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When are British students considered to have international status?

(27 Posts)
BritabroadinAsia Wed 18-Oct-17 10:31:52

We currently live abroad and are thinking about our situation as expats regarding UK university places for DD1 (who is currently in year 10).

Does anyone know the rules about how long before applying she (or we) would need to be resident in UK to not be considered an international student?

I’ve heard conflicting information about at what point she or we would need to be resident - if she were to be boarding in UK at 6th form, for example, or whether the whole family should relocate back 3 years ahead of university entry?

Does anyone have experience of this? I’ll also post in Living Overseas but thought I’d try here first to see if anyone had any advice.

steppemum Wed 18-Oct-17 10:42:18

I deal with families returning to the UK having worked abroad.

The simple answer is that it is complicated.
The most obvious answer is that you need to be resident in UK for 3 years to be a UK student.

The less obvious answer is what it means to be resident.
If you are on a temporary overseas contract, and have always intended to return to the UK and consider yourselves to be UK residents, then it is possible for your kids to have UK status, even if they come back aged 18.
You need a fair few things to prove this. It is easier if the company you work for is a UK one, they can provide you with a letter stating that you overseas asignment was a temporary one for x number of years (and that can be a long time, eg 10 years)
It is easier if you have a house back in the UK, as that proves you intended to return.

It is similar to the tax status where you have a difference between resident and domiciled, the second being where you are based, the first being where you are living right now. You need to prove that as a family you are domiciled in UK (but they use the word resident for student applications)

It is NOT uniform across all universities. Each one can make their own choice about their decision to allow you to be considered resident or not. The only guranteed way is to return to UK.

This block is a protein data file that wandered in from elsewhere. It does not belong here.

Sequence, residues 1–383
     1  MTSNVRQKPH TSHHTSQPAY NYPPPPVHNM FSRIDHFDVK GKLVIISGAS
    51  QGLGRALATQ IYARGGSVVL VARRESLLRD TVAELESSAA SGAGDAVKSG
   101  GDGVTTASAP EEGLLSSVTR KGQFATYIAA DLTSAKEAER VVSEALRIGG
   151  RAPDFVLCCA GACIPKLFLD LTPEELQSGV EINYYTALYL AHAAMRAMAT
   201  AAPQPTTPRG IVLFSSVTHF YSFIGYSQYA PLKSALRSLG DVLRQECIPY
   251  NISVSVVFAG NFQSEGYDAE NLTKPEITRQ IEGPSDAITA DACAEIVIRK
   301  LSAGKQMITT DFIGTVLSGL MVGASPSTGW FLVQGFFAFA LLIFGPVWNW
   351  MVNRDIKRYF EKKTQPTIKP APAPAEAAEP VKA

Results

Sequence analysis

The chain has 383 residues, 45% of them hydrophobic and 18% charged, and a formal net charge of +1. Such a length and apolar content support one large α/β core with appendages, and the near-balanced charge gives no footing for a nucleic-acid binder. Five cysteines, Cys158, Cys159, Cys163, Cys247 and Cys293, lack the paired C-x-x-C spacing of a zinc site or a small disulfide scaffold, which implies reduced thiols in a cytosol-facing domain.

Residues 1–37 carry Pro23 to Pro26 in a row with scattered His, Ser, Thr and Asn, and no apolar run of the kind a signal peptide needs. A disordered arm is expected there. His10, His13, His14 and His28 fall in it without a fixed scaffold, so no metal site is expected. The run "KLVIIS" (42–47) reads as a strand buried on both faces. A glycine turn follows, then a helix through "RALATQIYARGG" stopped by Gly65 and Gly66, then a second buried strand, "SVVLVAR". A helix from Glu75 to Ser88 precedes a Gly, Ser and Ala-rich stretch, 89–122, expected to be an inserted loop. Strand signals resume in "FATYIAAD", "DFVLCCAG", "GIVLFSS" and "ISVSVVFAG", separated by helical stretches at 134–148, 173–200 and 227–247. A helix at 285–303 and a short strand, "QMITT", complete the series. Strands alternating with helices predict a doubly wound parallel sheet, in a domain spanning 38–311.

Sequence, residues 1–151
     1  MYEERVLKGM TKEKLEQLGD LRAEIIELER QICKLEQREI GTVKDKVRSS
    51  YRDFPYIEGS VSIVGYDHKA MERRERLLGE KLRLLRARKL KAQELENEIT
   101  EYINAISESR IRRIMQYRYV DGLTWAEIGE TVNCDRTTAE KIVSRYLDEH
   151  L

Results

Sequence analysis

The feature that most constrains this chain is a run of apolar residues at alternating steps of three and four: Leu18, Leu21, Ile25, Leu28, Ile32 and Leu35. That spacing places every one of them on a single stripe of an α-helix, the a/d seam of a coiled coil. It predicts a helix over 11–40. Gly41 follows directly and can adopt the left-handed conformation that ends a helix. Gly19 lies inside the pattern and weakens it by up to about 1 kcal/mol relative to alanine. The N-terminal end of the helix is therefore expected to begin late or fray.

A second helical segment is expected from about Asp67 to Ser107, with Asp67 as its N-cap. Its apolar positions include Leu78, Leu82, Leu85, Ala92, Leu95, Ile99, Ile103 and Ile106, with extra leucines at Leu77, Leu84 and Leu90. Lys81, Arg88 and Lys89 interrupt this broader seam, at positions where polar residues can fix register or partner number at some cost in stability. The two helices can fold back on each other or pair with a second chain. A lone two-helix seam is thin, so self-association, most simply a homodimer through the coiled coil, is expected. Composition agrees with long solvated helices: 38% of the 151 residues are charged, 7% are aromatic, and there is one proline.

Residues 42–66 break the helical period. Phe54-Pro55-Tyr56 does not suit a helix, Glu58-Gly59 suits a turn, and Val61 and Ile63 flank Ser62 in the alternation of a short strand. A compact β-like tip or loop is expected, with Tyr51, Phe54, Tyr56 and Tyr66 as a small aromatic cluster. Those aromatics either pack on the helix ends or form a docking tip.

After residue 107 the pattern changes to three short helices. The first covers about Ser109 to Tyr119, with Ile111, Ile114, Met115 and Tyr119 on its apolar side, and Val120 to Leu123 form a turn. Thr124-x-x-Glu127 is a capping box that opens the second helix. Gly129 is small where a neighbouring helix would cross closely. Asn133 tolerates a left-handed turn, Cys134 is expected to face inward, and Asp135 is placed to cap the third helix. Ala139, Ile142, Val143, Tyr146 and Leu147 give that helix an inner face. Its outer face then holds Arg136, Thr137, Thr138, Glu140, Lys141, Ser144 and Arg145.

I have a query over education, an over seas student who is in school in UK does not accumulate residency if they are here for 3 years, as they are only here for educational purposes.
However with regard to a UK student who returns for sixth form (and for example their parents are still overseas) I am not sure if those years would be counted or not.

It is certainly easier to prove residency if the whole family return, even if that is at the point of university entrance.

It is a bit of a lottery, some universities are very generous and some very tight on the criteria.

LIZS Wed 18-Oct-17 10:50:22

Studying in UK for 6th form while you lived overseas wouldn't normally count as residency for uni finance purposes.

OhSoTotallyLost Wed 18-Oct-17 10:59:20

Have a look on the UKCISA website. It advises the criteria you need to meet to be eligible for home fees. You can also contact them if you want further advise. It will depend on things like your contracts, links to uk etc...

VodkaPenne Wed 18-Oct-17 11:01:38

Utterly normal among all my expat friends for universities to differ. Some of their kids got three offers for example, and two institutions decided they were not UK, but one did. Sometimes it means their child can’t go to their first choice place and has to settle for second best.

So if your child absolutely has to go to a specific university, you need the full three years in the UK to be sure.

If you (and they) are willing to try for offers and then go through the process and see, then it’s a little easier (if you have ties/house/plans to move back etc.)

For me, it absolutely was not worth the risk as DD wants to do a specific course that is highly competitive. What if she only gets one offer and that university decide we are non resident? It would be a disaster.

So I am doing the years in the UK.

steppemum Wed 18-Oct-17 11:02:00

but each university interprets the criteria on the UKCISA themselves. They don't always agree.

It is not unusual for a student with 3 offers to find that one will not classify them as Uk and the other two will

scaryteacher Wed 18-Oct-17 11:04:17

Ds was back in UK for sixth form and counted as a Home Student, but we were abroad with HM Forces, so he was counted as a UK student because of that anyway.

steppemum Wed 18-Oct-17 11:05:51

yes forces have a completely different category I think

residentdomicile Wed 18-Oct-17 11:37:15